Good things come in threes.
That may be the case for Councilwoman Elizabeth Crowley (D-Middle Village), who is hoping her third election in a little more than a year will yield her first full City Council term and a four-year break from the campaign trail. The incumbent will face Republican Tom Ognibene on Nov. 3 as she seeks re-election in the 30th Council District.
And although her tenure has been brief — she assumed her post in January, filling in for the final year of disgraced former councilman Dennis Gallagher’s original term — Crowley claims her accomplishments are numerous.
Crowley took credit for finalizing the long-awaited rezoning of Maspeth, Middle Village and Glendale — a process she said was stalled after the Gallagher sex scandal.
“A study was started over eight years ago and almost completed four years ago, but it sat on desks without moving forward at the Department of City Planning,” Crowley said. “Part of that was due to poor leadership.”
The new zoning law downsized building regulations on nearly 300 residential blocks across the three neighborhoods — a critical effort to preserve the character of these middle-class communities, according to Crowley.
“In record amount of time we were able to pass legislation to rezone more than 300 blocks,” she said. “The need for this rezoning was so evident in the overdevelopment that was putting our community in a situation that affected our quality of life and compromised the continuity and the very aesthetic that make up the low-density communities that I represent.”
Crowley boasted of efforts to remove truck traffic on Grand Avenue — a source of frustration for many area residents. She said that work is already underway to reinforce an alternate route that would limit commercial traffic on the congested street.
“DOT has pretty much promised me,” Crowley said. “They just need to strengthen one small street near Maurice Avenue.”
She promised to make improving education in the area a top priority. And despite an initial defeat over controversial plans for a new Maspeth high school — Crowley pointed to successful follow-up efforts ensuring that the school would be locally zoned. According to her, the Department of Education has agreed to give local students priority seating despite its citywide zoning policy for new schools.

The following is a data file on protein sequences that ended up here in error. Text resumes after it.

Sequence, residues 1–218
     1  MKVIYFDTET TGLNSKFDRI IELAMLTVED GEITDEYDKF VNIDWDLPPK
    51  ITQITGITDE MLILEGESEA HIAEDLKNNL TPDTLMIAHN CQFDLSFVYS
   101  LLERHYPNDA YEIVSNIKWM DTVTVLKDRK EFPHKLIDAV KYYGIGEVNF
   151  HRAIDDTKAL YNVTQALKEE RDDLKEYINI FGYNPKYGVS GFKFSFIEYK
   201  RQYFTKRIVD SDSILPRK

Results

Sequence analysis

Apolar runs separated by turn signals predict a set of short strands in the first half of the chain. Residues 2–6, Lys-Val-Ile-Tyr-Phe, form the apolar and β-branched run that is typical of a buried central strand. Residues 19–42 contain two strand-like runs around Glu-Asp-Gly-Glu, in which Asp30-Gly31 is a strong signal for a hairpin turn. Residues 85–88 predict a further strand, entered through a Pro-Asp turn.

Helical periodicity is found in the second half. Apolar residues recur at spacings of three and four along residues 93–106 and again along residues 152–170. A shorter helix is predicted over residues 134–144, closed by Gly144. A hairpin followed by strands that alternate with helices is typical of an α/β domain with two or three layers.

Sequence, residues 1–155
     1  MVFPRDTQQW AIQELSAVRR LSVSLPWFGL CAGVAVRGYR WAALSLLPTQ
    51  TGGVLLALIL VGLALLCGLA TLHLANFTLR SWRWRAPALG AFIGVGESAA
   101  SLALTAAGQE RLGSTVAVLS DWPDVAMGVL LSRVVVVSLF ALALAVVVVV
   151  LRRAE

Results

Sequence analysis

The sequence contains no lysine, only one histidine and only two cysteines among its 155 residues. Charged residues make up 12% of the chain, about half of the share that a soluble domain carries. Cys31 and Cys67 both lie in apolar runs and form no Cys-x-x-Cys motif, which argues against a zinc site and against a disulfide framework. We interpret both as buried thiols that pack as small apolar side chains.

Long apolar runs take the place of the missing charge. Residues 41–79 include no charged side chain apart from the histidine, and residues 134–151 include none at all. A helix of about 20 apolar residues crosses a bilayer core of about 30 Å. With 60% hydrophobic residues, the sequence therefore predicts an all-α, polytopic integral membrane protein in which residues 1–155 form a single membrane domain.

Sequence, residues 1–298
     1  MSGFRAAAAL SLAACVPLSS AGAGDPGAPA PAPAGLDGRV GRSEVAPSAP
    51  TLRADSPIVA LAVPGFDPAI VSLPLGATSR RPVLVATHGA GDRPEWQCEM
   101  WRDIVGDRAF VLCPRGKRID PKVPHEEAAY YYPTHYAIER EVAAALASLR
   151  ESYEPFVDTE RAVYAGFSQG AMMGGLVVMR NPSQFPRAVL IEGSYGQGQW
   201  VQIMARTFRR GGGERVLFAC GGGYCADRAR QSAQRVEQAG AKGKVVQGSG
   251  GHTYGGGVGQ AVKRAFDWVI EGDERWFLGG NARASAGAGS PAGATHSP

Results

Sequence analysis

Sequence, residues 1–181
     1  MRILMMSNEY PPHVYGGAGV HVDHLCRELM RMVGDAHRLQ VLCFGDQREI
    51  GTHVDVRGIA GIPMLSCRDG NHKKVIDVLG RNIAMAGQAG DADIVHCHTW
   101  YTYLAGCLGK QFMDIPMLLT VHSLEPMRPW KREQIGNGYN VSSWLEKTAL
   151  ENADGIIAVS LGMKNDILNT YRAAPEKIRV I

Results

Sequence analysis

“The city didn’t want to give me zoning for Maspeth,” she said. “But if I wasn’t persistent, I probably wouldn’t been able to achieve that.”
Crowley believes providing better access to healthcare is a critical issue — calling on city and state lawmakers to do more to establish new hospitals in the area. She proposed expanding nearby hospitals to help ease pressure on the borough’s emergency rooms in the wake of this year’s closures. And while many of her political peers have called for the reopening of St. John’s Hospital in Elmhurst — Crowley believes that the facility just isn’t up to snuff.
“I think you have to expand on hospitals that are already open and look at taking down that hospital and rebuilding a hospital on that spot — one that is either a city hospital or one connected to a name that has the wealth to invest in a quality hospital,” she said.
Crowley said St. John’s simply didn’t provide the type of care needed in the area — one of many factors contributing to its decline.
“We need a high quality care hospital,” she said. “We need access to one where if you have a heart attack or a stroke you can go to that hospital.”
And true to her roots in architecture and urban planning — Crowley believes that doing more to remove aesthetic blights will help her district weather the recession. She pointed to recent efforts to reclaim a deteriorating Ridgewood newsstand and convert it into a green space as a small but important step toward making the community more attractive to businesses and consumers alike.
“I think it’s an investment, a partnership — making sure they have a vital business improvement district. It’s the businesses and the city working together to make sure they maximize resources,” Crowley said. “Whatever it takes to improve a district so that people would want to come to spend their money there.”